Project notes

Preliminaries: Place fields / spatial representation

Consider:

  • Spatially selective neteorks
    • place cells
    • grid cells
    • border cells
    • rate remapping / cues
  • Alistair's ideas
    • Gibson (1950) cognitive representations of objects built on surfaces
    • stable support (Haggard 2013)
    • slip (Adams 2013)
  • Martin's locomotion / trajectory based spatial learner MSOM
    • MSOMs (Strickert 2005)
    • SOMs (Kohonen 1982) *Centrality of physical exploration in representing spatial properties
    • Surface reps activated by both vision and touch? (Lacey 2009)
    • Inability to visually identify unseen objects learned through touch
    • Theories of visual learnign mediated via touch exploration?
    • Objects in space vs object-independent space representations

Background 0: Ali's Vision

"basic concept of surface is due to a primitive sensorimotor concept called the stable contact signal" (Ideas 3.3.1)

"For many SII cells, receptive fields are better described in relation to peripersonal space than to body parts, because they respond to contact on several different body parts. For instance, there are SII cells that respond to touches by several different fingers (see e.g. Fitzgerald et al., 2006), or even to touches by both hands (see e.g. Iwamura et al., 2001). In these cases, the fingers are often aligned within a single plane in the hand (see e.g. Fitzgerald et al., 2006). A conclusion drawn by several researchers, and well summarised by Haggard (2006), is that SII cells compute representations of surfaces in the observer’s peripersonal space. These representations can be thought of as representations of stable contact or stable support in the somatosensory system." (3.3.3)

"The axis parallel with the fingers provides a natural ‘forward/back’ axis, with ‘forward’ being the direction in which the fingers point. The axis perpendicular to the fingers provides a natural ‘left/right’ axis." 'Up' as the direction that breaks stable contact? (3.3.3.1.1)

"The key idea in my learning model is that the stable support signal is intrinsically re-warding, at least in developing infants: in other words that it is hard-wired by evolution to generate a reward signal in the motor system. This means that infants are drawn to learn how to achieve stable support states, and consequently, to learn functions mapping percep-tual representations of objects in their peripersonal space onto goal motor states associated with the stable support signal. These are at the origin of our perceptual representations of the surfaces of objects." (3.3.5)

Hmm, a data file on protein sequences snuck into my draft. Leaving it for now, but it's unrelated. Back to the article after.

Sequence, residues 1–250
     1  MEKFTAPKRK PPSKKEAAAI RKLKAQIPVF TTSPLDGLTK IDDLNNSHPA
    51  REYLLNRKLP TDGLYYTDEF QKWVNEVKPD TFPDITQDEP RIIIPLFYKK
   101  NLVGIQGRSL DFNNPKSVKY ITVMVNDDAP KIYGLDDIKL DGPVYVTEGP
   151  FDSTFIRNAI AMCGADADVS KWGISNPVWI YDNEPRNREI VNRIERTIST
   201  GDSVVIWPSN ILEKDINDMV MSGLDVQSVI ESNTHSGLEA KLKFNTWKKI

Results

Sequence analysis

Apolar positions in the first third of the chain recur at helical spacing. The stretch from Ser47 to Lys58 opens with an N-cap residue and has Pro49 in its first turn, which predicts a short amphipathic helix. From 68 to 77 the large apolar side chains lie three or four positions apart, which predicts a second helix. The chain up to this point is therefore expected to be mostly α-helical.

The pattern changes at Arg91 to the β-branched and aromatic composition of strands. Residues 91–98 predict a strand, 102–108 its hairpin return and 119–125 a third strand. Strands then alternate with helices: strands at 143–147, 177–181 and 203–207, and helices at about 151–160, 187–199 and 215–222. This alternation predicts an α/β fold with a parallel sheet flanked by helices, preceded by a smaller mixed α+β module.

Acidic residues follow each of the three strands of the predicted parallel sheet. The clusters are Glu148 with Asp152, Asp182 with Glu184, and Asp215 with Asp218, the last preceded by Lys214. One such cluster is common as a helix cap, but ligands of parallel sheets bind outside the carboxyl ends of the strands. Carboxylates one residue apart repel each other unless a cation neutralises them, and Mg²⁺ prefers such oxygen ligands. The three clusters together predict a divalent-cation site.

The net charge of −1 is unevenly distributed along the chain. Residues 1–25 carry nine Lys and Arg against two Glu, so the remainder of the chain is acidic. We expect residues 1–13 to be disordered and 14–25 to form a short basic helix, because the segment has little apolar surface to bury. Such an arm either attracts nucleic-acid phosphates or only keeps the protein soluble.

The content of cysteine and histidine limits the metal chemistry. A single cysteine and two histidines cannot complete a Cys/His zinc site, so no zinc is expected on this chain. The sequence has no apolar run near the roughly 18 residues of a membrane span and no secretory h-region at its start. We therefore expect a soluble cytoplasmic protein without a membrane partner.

"analogous to the environments in which the observer moves—except objects are environments that are navigated in by the observer’s effector" (Ideas 3.9.1)

"I propose that the shape of an object is represented in exactly the same format as a navigation environment: as an allocentric boundary structure," (3.9.2)

"Hamada and Suzuki (2005) found representations of simultaneous con-tact by the index finger and thumb which varied when the angle between these digits was changed" (3.9.4.1)

"Object-centred neglect is defined in a frame of reference centred on the object being perceived, rather than on the observer or the environment. Typically, neglect is expressed in relation to one of the object’s major axes (see e.g. Driver et al., 1994). The key behavioural test for this type of neglect is that the area of an object which is ignored remains the same if the object is rotated in relation to the observer "Chafee et al. (2007) gave monkeys a task in which a block had to be moved into a shape to complete it; they found neurons in parietal cortex (area 7a) which were sensitive to the block’s position in relation to the object, even when the retinal location of the block varied from trial to trial. These findings argue for a medium in the brain, strongly recruiting parietal cortex, that represents a map of ‘locations within a given object’, that is somehow specified in a coordinate system centred on that object" (3.9.5.1)

"Two squares of different sizes are both squares, but the motor actions needed to interact with them haptically are very different; so there should be a size component" (3.9.5.1)

"A common way to identify the shape of a surface is to navigate systematically around its perimeter (see e.g. Lederman and Klatsky, 1993)." (3.9.5.3)